The Journal The Authority on Global Business in Japan



More multilingual signs
in the works

In the runup to the 2020 Tokyo Olympic and Paralympic Games, the Ministry of Infrastructure, Land, Transport and Tourism is planning to modify some 17,000 street signs in the greater Tokyo metropolitan area, so that they can be understood by foreign visitors.

In addition to being written in Japanese, some signs at present are also written using the Roman alphabet. These, however, are merely phonetic transcriptions of the Japanese (e.g. Meiji-dori). The new system will clarify the meanings, for example by using the wording Meiji-dori Ave.

Another planned addition is the use of pictograms at Olympic venues, as well as at such major sightseeing areas as Tokyo Skytree, airports, and rail stations.

The first places that will display the new signage, within the current fiscal year, are likely to be the Akihabara electronics retail district and areas in the vicinity of Tokyo International Airport Haneda.

The total number of foreign visitors to Japan during 2015 is predicted to have exceeded 19.7 million, making it probable that the previously stated target of 20 million soon will be surpassed. The government has identified inbound travel as an important component of economic growth.

Thus, it has begun to expedite efforts to bolster tourism infrastructure by taking a number of steps, including arranging consultations with panels of outside advisors.

According to the feedback received from the panels, “signs and explanatory displays are currently unsuitable for foreigners.” Up to now, efforts have mainly gone into the preservation of historical and cultural artifacts, rather than providing multilingual explanations at cultural sites.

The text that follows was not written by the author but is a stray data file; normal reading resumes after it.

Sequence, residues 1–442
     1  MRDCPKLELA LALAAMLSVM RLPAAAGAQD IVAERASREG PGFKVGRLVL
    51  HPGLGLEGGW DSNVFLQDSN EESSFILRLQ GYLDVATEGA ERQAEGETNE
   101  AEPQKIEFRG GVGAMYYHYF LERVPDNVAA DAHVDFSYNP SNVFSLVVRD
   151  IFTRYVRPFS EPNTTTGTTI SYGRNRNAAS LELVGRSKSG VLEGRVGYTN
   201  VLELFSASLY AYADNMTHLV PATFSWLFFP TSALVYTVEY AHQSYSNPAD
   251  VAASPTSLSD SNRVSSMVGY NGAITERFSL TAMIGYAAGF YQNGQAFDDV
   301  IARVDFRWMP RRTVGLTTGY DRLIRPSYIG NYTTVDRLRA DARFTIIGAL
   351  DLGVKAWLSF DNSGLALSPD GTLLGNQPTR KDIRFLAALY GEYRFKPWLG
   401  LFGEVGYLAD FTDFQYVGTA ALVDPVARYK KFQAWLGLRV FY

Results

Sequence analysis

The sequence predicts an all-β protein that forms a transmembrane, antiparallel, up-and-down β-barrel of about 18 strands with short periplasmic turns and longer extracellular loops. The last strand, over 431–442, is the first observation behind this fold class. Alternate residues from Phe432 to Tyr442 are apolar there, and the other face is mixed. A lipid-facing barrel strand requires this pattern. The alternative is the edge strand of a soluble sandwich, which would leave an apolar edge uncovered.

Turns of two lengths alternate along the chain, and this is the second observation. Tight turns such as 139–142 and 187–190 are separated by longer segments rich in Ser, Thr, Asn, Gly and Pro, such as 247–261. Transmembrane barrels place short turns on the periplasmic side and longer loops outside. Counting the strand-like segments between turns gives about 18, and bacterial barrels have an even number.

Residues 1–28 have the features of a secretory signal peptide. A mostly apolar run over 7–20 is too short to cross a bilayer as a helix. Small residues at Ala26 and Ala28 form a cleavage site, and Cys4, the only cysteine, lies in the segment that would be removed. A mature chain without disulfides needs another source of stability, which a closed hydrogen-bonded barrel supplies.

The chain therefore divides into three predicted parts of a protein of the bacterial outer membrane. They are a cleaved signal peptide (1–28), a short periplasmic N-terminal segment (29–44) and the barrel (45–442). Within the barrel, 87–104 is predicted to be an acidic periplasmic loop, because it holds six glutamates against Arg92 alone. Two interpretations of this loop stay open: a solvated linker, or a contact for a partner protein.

As visitor numbers increase, authorities will also need to deal with issues such as how to protect the environment at sites of cultural interest. The government even may try diverting more foreign visitors to regions outside of Tokyo, as a means of coping with expanding inbound tourism.

That said, increased international tourism is certain to bring further complications that will require more than additional multilingual signage to resolve.

Ministry of Internal Affairs and Communications
Doubts raised over My Number and point cards

A remark made in January by Internal Affairs and Communications Minister Sanae Takaichi has sparked debate regarding combining the new My Number cards with various types of point cards.

Distribution of the My Number cards—assigned to all adult residents of Japan and initiated to discourage tax evasion—began in October 2015. At present, competition is intensifying among companies that issue such point cards as T Point, Ponta, and Rakuten Super Point.

It is thought that some cardholders would welcome the convenience of merging all their points into a single card.

According to the ministry’s website, standardizing the different point cards would enhance the usability of the My Number cards by making unused space on a card’s IC chip available to private firms. This would also enable closer collaboration between the government and the private sector.

However, there are many potential drawbacks. Should a My Number card also have monetary value, it would raise the likelihood that cards would be lost or stolen, as well as the possibility that personal data might be leaked.

In addition to these security concerns, the notion of merging commercial services of private businesses on a government-issued card seems sure to invite strong opposition. Combining the points from various schemes on a My Number card may also serve to reduce commercial competition for customers.

Widely differing opinions on the issue have been raised even within the ministry, making it uncertain what form the final proposal will take. In the end, the government may be forced to abandon such ideas in its effort to promote the use of the My Number card.

Keizaikai magazine
The government has identified inbound travel as an important component of economic growth.